Thinking about all these articles that suggest AGW is killing birds. Such as 'warming temperatures" via carbon.... (which isn’t proven) The reality is the god awful monstrosities known as wind turbines are killing birds on a mass scale. That’s demonstrable. Provable. Well documented.
Notice from the article linked above blaming AGW we see this?
“Species that depend on high-elevation forest habitat, long-distance migrants, and coastal breeders are most at risk from climate change”Euronews
Long Distance migrators and coastal breeders- both types of species are greatly harmed by wind turbines- but let’s just gloss over that fact, ok, phony greens?!
|Migratory birds with a giant wind turbine stuck in the middle of their migration paths|
I'm a huge fan of birds.
But all that clean, renewable energy comes with a high cost to the nation's wildlife. Researchers estimate that 140,000 to 328,000 birds are killed every year in collisions with the turbines' spinning rotor blades and support towers. The risk to birds is highest at night, when the blades and towers are cloaked in darkness.Is it clean, green, earth loving energy if it results in mass bird killing?
That estimate is 140,000 to 328,000 dead birds every year. Year after year.
Using a medium of 250,000 and to my mind that's low balling the figures. That tells us roughly one million birds would die in 4 years. Two and a half million birds in 10 years. For so called ‘clean green’ earth friendly renewable energy
On any given night during the peak of the spring migration — from the end of April to the beginning of May — up to 520 million migrating birds are on the wing, says Dr. Kyle Horton of Cornell's famed ornithology lab and one of the researchers involved in the project.
|Wing Severed by a Wind Turbine|
Now researchers at Cornell University in Ithaca, New York, have hit upon what could prove to be a simple way to protect birds from wind turbines. They've used the "signatures" of birds that are visible in raw weather radar data to generate bird maps and live migration forecasts designed to alert wind farm operators to the presence of birds at peak times.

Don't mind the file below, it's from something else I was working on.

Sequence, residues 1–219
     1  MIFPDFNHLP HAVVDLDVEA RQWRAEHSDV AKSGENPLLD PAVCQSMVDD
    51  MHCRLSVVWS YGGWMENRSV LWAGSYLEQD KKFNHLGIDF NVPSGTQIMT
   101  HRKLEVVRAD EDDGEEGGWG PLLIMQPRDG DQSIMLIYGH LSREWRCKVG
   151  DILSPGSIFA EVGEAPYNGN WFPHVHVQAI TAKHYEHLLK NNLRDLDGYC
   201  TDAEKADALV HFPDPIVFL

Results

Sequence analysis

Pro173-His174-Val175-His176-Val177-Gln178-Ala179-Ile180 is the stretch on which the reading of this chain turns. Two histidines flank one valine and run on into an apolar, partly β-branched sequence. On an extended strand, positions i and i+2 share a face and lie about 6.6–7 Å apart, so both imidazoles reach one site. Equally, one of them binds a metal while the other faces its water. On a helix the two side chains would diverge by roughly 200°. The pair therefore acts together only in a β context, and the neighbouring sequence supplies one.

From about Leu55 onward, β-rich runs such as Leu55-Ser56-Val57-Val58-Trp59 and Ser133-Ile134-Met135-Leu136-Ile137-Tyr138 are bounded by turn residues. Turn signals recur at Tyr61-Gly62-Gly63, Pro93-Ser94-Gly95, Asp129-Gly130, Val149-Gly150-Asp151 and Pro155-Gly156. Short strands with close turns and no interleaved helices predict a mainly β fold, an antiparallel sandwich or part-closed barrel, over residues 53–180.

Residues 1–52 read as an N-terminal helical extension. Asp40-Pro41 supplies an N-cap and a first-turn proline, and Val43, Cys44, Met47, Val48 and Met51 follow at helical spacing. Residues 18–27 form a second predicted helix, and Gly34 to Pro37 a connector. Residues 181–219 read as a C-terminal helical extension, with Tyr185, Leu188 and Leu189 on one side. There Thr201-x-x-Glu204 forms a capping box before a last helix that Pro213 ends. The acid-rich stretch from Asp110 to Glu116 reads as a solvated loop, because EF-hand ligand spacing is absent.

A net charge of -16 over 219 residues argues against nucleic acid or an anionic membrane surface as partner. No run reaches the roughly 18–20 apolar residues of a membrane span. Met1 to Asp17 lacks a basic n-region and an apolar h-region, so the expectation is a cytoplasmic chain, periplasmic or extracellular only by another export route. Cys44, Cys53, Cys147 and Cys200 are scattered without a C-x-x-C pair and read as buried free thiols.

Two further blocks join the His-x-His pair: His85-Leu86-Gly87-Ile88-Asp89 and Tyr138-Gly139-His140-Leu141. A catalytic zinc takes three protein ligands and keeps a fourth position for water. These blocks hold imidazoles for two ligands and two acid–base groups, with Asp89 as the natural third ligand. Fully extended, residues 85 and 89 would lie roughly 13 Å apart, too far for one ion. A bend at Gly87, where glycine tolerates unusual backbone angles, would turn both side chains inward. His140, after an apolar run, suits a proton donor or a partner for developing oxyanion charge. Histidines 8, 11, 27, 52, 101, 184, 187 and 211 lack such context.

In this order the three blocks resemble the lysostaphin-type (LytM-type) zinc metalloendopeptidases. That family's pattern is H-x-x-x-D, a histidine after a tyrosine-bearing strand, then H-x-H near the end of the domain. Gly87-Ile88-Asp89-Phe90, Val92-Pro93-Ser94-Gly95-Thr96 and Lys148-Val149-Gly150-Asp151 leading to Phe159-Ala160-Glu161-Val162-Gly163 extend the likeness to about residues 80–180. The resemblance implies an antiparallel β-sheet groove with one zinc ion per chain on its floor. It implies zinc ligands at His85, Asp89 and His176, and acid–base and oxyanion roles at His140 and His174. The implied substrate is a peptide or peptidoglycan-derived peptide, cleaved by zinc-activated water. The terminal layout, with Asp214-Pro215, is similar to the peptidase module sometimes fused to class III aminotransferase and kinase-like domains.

Most are small birds at risk from predators. (Big birds tend to migrate in daylight, although they too sometimes fall afoul of the turbines.)In other words, since large birds, like the golden eagle shown above will not show up on radar they have zero chance of being saved via this idea
"Our measures are dominated by small songbirds, things like warblers and tanagers, thrushes and grosbeaks — those are the dominant signatures we're getting," says Horton.This plan is limited to large flocks of birds. (Not eagles, hawks etc.,) The plan is dependent on wind turbine operators actually HEEDING the information and either stopping or slowing their wind turbines to save the birds-
It's long been known that migrating birds are easily detected by the Doppler radar systems used to monitor rainfall in the U.S.
Think they’ll do this?
Will it cut into their profits?
Answer that question and you’ll know the answer.
Fake greens need not think about the reality of this situation and all these bird deaths.
For weather forecasting purposes, of course, the radar signals caused by bird flocks are filtered out. But the Cornell researchers, including Horton and Benjamin Van Doren, a zoologist who recently moved to Oxford University in the U.K., realized that birds' nighttime flights could be used to generate real-time maps that could help save birds' lives.
After working for several years to integrate the signals from a network of weather radar systems across the U.S., the scientists a few weeks ago started posting automated bird migration forecasts and real-time tracking maps at the lab's website, BirdCast.info.
Van Doren and Horton hope wind farm operators will heed the forecasts and maps — which are drawn from 143 weather radar systems across the country — and stop or slow their wind turbines temporarily when large numbers of birds are flying through the area.
One solution to the bird-strike problem might be to raise the turbines' so-called "cut-in speed." That's the wind speed above which it makes economic sense to run the turbines. Wind turbines operate more efficiently at the high wind speeds, Horton says, while birds tend to avoid flying on windy nights.
"If we're getting large pulses of [migrating birds] coming through on a handful of nights, then altering their strategies for just, say, five nights versus doing nothing, then it may have a big impact," he says of wind farm operators.
The bird migration maps could also make it possible to switch off some of the lights on tall buildings and communication towers at peak times. The lights on such structures are known to confuse birds flying at night, and result in many fatal collisions, according to Horton.
Given the short period of time that the maps and forecasts have been online, it's too soon to tell whether they're having a beneficial impact. But the researchers are hoping for good results. Says Horton, "We really want to see some conservation come out of this, hopefully to reduce some of the mortality."
Large cities, with excessively tall buildings, also kill lots of birds... Like in Toronto
But the street cleaner can clean them up before anybody really sees them.
Which is another issue the phony greens gloss over- building taller buildings to pack more people into, factory human farming style, present many issues that go ignored.
|Image from Gary- Taken at Leslie Spit, Toronto|